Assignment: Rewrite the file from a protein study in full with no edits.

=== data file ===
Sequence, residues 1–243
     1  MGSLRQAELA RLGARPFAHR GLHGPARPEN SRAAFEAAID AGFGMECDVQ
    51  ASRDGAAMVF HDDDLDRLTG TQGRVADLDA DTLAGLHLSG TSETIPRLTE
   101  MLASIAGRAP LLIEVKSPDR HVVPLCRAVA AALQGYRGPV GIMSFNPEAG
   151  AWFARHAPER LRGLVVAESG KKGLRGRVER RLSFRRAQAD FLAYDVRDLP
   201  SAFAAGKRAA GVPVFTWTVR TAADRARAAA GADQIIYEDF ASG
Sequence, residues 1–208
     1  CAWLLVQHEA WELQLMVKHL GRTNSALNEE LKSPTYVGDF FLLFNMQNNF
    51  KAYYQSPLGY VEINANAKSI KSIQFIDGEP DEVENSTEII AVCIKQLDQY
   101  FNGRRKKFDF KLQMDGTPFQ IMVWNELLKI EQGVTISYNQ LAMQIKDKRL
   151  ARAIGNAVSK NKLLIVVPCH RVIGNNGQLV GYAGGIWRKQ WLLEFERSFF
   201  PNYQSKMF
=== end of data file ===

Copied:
Sequence, residues 1–243
     1  MGSLRQAELA RLGARPFAHR GLHGPARPEN SRAAFEAAID AGFGMECDVQ
    51  ASRDGAAMVF HDDDLDRLTG TQGRVADLDA DTLAGLHLSG TSETIPRLTE
   101  MLASIAGRAP LLIEVKSPDR HVVPLCRAVA AALQGYRGPV GIMSFNPEAG
   151  AWFARHAPER LRGLVVAESG KKGLRGRVER RLSFRRAQAD FLAYDVRDLP
   201  SAFAAGKRAA GVPVFTWTVR TAADRARAAA GADQIIYEDF ASG
Sequence, residues 1–208
     1  CAWLLVQHEA WELQLMVKHL GRTNSALNEE LKSPTYVGDF FLLFNMQNNF
    51  KAYYQSPLGY VEINANAKSI KSIQFIDGEP DEVENSTEII AVCIKQLDQY
   101  FNGRRKKFDF KLQMDGTPFQ IMVWNELLKI EQGVTISYNQ LAMQIKDKRL
   151  ARAIGNAVSK NKLLIVVPCH RVIGNNGQLV GYAGGIWRKQ WLLEFERSFF
   201  PNYQSKMF